|Mothering and Desistance in Re-Entry, by Venezia Michalsen. Abingdon, Oxon: Routledge, 2018. 126p.
“Although there is plentiful research on the impact of marriage, employment and the military on desistance from criminal behaviour in the lives of men, far less is known about the factors most important to women’s desistance. Imprisoned women are far more likely than their male counterparts to be the primary caretakers of children before their incarceration, and are far more likely to intend to reunify with their children upon their release from incarceration. This book focuses on the role of mothering in women’s desistance from criminal behaviour.
Drawing on original research, this book explores the nature of mothering during incarceration, how mothers maintain a relationship with their children from behind bars and the ways in which mothering makes desistance more or less likely after incarceration. It outlines the ways in which race, gender, class, nationality, sexuality, gender identity, and other characteristics affect mothering and desistance, and explores the tensions between individual and system-level factors in the consideration of desistance.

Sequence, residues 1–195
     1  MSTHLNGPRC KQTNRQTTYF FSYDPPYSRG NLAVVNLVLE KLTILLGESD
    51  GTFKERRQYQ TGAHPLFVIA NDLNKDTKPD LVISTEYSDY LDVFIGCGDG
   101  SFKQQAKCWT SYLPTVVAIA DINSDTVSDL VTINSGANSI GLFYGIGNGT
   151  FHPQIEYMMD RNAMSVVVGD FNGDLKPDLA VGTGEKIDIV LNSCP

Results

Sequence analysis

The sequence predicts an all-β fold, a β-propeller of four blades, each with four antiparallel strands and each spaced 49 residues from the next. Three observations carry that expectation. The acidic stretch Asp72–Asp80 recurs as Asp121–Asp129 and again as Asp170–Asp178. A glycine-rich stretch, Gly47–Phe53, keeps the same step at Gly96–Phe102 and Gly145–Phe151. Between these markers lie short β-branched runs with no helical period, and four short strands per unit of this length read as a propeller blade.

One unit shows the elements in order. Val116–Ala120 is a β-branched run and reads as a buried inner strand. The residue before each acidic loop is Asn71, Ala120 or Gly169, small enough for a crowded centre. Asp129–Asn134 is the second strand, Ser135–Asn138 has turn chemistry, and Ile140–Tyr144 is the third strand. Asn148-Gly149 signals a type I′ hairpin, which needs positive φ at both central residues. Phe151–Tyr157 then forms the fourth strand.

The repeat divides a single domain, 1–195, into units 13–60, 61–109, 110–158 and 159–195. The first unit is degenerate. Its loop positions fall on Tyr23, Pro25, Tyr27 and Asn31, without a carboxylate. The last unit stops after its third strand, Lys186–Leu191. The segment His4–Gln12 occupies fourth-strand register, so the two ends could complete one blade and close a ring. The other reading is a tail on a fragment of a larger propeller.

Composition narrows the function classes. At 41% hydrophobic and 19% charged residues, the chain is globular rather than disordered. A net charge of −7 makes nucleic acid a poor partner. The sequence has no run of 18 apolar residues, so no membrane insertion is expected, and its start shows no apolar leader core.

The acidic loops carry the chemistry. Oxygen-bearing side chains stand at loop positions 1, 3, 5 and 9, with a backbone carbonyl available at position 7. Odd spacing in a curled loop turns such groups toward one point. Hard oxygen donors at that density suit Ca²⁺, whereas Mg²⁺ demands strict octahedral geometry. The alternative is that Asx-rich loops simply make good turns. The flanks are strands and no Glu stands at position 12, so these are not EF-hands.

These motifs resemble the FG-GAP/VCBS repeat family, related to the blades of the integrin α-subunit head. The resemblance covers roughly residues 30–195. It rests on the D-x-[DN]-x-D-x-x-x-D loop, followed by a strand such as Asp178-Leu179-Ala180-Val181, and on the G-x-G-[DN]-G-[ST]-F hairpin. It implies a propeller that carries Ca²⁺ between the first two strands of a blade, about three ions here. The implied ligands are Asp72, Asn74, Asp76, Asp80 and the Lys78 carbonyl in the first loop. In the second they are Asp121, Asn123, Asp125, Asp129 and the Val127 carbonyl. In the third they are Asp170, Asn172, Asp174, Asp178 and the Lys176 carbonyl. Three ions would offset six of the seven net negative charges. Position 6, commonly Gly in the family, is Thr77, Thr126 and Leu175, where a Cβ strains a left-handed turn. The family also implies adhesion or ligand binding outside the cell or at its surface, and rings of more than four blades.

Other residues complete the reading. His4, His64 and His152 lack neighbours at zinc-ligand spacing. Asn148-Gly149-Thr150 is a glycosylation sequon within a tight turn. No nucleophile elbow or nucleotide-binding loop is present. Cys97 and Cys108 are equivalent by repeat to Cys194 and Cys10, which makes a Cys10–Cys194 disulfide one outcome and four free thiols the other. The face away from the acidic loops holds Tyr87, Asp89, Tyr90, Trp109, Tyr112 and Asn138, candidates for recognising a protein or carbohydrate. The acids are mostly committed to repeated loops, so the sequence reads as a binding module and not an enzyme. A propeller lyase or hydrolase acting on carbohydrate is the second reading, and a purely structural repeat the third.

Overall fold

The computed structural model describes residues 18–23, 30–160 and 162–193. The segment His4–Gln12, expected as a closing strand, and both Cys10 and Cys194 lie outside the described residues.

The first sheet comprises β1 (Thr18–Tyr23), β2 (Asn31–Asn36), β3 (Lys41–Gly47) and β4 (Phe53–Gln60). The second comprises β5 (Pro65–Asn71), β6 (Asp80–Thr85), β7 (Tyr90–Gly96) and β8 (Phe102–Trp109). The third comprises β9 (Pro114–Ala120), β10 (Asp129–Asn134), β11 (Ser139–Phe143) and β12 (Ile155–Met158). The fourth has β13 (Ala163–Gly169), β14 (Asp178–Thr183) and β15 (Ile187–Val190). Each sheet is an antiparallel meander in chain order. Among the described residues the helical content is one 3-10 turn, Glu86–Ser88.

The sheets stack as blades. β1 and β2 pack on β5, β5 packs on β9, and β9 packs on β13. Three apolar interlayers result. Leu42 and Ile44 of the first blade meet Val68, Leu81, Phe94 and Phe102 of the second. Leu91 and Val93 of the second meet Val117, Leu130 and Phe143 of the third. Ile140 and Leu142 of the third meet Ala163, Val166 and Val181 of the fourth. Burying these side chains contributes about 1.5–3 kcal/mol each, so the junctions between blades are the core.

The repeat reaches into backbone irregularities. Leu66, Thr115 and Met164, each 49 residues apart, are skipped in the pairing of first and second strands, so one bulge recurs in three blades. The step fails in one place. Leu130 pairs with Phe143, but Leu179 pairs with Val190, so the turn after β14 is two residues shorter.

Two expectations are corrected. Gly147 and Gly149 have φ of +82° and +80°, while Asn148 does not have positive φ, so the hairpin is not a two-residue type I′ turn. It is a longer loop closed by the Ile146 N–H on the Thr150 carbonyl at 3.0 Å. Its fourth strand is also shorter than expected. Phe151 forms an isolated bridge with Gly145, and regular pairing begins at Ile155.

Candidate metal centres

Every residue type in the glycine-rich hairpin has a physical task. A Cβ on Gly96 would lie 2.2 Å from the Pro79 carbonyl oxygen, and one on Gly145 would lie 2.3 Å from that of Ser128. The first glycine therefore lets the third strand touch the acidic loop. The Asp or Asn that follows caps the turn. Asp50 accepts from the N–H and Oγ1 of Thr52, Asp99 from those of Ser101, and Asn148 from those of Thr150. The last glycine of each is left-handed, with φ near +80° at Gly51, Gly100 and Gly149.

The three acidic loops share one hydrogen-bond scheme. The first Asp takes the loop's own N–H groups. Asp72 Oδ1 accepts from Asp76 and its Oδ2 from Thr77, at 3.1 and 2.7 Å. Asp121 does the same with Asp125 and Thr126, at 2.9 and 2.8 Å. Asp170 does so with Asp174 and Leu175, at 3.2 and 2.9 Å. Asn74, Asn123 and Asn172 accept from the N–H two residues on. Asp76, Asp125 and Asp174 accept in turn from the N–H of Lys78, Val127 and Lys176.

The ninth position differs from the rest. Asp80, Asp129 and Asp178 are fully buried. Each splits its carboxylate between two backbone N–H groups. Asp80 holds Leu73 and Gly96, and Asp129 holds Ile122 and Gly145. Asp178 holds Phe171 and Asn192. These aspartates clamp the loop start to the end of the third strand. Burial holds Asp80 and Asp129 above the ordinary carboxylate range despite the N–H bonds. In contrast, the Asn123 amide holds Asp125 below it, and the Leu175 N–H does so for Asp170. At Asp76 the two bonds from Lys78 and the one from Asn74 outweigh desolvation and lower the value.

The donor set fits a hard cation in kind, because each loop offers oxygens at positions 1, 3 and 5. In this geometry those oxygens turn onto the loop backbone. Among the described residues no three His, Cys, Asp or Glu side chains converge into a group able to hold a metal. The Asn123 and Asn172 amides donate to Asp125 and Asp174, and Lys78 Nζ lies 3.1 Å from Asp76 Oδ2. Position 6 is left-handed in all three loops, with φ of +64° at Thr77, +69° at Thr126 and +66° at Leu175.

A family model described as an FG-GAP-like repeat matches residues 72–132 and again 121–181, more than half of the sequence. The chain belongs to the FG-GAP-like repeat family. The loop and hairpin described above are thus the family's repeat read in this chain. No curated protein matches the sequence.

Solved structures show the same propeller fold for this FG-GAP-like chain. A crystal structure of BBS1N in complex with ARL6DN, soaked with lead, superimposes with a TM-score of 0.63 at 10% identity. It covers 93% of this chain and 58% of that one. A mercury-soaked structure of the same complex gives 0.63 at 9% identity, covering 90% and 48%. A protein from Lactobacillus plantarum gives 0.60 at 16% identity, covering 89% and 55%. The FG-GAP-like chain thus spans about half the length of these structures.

This book suggests that any discussion of desistance, particularly for women, must move beyond the traditional focus on individual characteristics and decision-making. Such a focus overlooks the role played by context and systems which undermine both women’s attempts to be mothers and their attempts to desist. By contrast, in the tradition of Beth Richie’s Compelled to Crime, this book explores both the trees and the forests, and the quantum in-between, in a way that aims for lasting societal and individual changes.” From Publisher’s Website.
|Occupied Territory: Policing Black Chicago from Red Summer to Black Power, by Simon Talto. Chapel Hill: University of North Carolina Press. 2019. 360p.